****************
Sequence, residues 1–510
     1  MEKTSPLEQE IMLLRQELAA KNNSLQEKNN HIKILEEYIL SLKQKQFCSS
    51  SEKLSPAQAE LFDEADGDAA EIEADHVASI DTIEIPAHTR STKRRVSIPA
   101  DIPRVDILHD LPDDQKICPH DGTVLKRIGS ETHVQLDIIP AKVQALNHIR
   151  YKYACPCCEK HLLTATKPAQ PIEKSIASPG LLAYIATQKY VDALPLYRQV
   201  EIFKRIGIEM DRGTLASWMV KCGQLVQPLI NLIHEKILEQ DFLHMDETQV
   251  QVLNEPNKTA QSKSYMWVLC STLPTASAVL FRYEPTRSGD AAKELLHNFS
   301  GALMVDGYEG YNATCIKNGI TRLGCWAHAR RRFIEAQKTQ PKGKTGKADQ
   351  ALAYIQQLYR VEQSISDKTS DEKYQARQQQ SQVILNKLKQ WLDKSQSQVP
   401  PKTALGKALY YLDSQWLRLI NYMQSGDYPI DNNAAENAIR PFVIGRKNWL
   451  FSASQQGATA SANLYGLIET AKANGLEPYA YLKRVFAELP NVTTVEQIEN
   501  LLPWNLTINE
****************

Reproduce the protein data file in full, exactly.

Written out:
Sequence, residues 1–510
     1  MEKTSPLEQE IMLLRQELAA KNNSLQEKNN HIKILEEYIL SLKQKQFCSS
    51  SEKLSPAQAE LFDEADGDAA EIEADHVASI DTIEIPAHTR STKRRVSIPA
   101  DIPRVDILHD LPDDQKICPH DGTVLKRIGS ETHVQLDIIP AKVQALNHIR
   151  YKYACPCCEK HLLTATKPAQ PIEKSIASPG LLAYIATQKY VDALPLYRQV
   201  EIFKRIGIEM DRGTLASWMV KCGQLVQPLI NLIHEKILEQ DFLHMDETQV
   251  QVLNEPNKTA QSKSYMWVLC STLPTASAVL FRYEPTRSGD AAKELLHNFS
   301  GALMVDGYEG YNATCIKNGI TRLGCWAHAR RRFIEAQKTQ PKGKTGKADQ
   351  ALAYIQQLYR VEQSISDKTS DEKYQARQQQ SQVILNKLKQ WLDKSQSQVP
   401  PKTALGKALY YLDSQWLRLI NYMQSGDYPI DNNAAENAIR PFVIGRKNWL
   451  FSASQQGATA SANLYGLIET AKANGLEPYA YLKRVFAELP NVTTVEQIEN
   501  LLPWNLTINE